Psychic Travel in 'Naked Lunch'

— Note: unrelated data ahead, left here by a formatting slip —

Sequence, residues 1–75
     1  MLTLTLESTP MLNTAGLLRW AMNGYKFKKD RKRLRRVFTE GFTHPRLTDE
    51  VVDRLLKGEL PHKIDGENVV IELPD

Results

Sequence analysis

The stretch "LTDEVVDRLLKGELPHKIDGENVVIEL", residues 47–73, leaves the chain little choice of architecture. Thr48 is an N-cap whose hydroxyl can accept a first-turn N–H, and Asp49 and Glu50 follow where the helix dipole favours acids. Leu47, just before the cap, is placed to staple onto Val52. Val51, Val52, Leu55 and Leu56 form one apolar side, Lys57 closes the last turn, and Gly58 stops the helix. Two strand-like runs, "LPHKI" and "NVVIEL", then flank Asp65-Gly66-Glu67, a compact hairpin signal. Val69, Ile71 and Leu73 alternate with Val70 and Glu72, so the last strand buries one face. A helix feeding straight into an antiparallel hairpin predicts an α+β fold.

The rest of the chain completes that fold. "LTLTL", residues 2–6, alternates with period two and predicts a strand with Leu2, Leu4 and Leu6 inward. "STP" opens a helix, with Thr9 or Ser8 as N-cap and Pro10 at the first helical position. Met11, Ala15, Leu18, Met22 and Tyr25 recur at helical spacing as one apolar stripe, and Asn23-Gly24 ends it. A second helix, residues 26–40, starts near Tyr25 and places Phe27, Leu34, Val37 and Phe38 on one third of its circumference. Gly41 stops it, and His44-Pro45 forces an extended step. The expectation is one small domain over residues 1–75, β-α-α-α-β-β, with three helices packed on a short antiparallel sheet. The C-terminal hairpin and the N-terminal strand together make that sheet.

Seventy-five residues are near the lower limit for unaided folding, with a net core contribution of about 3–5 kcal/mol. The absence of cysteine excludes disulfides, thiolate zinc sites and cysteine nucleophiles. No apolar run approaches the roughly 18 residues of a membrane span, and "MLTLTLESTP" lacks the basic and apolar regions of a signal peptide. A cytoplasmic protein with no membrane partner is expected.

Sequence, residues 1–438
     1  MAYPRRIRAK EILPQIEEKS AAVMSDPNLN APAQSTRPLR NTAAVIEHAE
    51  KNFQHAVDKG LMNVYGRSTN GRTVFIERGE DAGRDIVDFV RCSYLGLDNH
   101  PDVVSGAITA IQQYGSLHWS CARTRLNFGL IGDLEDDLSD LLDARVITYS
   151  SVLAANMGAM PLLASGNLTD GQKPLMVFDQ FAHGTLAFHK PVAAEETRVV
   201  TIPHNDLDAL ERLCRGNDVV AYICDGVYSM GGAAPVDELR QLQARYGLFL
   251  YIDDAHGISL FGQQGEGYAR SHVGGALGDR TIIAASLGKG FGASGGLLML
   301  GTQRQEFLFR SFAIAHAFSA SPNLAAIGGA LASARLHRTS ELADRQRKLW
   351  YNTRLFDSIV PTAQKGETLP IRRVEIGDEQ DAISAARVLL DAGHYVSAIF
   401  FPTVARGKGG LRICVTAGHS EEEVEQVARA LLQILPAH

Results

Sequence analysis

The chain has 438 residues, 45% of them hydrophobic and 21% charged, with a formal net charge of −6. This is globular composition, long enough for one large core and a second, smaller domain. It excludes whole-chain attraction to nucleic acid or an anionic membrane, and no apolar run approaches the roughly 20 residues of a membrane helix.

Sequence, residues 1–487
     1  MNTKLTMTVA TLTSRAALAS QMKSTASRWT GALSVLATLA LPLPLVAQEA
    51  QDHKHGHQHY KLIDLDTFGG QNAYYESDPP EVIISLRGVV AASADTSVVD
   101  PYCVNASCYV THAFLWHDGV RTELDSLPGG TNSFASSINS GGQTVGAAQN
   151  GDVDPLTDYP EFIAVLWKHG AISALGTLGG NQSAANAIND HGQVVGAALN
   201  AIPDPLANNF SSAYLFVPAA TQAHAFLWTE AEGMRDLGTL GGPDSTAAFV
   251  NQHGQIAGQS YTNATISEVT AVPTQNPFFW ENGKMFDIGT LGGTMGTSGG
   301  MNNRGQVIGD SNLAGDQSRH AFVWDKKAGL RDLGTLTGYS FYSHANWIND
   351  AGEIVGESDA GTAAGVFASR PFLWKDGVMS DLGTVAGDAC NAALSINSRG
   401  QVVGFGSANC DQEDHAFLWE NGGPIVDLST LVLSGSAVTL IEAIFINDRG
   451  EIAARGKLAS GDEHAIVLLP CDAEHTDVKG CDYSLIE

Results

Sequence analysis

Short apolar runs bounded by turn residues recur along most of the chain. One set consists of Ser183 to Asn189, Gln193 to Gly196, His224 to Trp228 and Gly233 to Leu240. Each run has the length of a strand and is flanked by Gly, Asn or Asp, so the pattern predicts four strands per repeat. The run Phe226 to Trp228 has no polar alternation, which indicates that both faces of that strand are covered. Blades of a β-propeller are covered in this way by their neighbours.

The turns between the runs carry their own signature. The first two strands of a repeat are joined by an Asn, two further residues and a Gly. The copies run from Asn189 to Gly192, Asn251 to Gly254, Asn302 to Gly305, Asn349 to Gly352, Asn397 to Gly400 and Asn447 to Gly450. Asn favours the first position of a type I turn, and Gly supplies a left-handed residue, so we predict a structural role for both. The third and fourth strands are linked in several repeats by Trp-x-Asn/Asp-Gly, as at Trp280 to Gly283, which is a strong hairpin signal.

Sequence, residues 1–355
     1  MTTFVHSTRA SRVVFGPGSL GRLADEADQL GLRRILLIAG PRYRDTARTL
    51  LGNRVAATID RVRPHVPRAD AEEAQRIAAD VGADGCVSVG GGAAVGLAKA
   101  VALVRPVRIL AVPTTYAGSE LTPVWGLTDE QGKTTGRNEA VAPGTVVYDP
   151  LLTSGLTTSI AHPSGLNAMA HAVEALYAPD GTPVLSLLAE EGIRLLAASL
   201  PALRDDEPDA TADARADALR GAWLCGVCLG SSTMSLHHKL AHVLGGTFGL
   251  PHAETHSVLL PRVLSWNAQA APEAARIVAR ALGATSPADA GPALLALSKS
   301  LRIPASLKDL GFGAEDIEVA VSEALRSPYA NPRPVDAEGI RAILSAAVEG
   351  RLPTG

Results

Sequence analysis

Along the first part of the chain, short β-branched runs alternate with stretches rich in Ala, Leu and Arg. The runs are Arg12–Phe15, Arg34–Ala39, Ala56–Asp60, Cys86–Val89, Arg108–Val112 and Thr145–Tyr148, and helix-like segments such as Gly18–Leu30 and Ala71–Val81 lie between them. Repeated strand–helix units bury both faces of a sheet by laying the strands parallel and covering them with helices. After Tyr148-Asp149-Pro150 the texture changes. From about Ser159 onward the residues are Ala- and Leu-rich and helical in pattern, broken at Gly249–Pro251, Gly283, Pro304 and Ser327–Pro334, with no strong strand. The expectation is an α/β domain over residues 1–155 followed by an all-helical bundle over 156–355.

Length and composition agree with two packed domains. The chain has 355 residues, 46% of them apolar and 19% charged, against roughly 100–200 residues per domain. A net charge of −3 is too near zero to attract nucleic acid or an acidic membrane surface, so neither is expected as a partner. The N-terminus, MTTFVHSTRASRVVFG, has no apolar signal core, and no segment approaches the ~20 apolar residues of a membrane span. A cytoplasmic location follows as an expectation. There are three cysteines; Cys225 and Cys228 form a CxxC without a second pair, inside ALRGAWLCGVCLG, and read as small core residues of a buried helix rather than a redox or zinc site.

Written for a module dealing with literary French travelogues in the Middle East, this essay shifts the focus to American fiction, and to a novelistic treatment of the Middle East that is at the same time more generalised and emblematic, and more specifically political and subversive than traditional Orientalistic works. Burroughs' treatment of the imaginary yet distinctively Middle-Eastern locale of Interzone within 'Naked Lunch' appeared, from an impressionistic first reading, to play some part in the novel's general subversion of Western (and especially American) mores. However, it was no small task to clearly distinguish and place its implications within the intricate thematic web spun by the novel's highly fragmentary and associative prose. I opted for a close reading of the novel, largely ignoring narrative flow and paying attention instead to frequently recurring themes, especially when they seemed to be associated with foreigners in general and Middle Easterners in particular. In this way I hoped to discover the thematic structure and hierarchy underpinning the narrator's invocation of the Middle East throughout the novel. My findings suggested that the Oriental here functions as a metaphor for authentic humanity repressed. Close contact with it/them, as through physical travel to the actual Middle East or psychical travel (e.g. through reading a novel) to the mentality symbolised by Interzone, seems to function here as an act both of spiritual emancipation and of intellectual rebellion. It constitutes an attempt, rather than criticising repression, to unashamedly embrace the repressed and maligned role and thus transcend it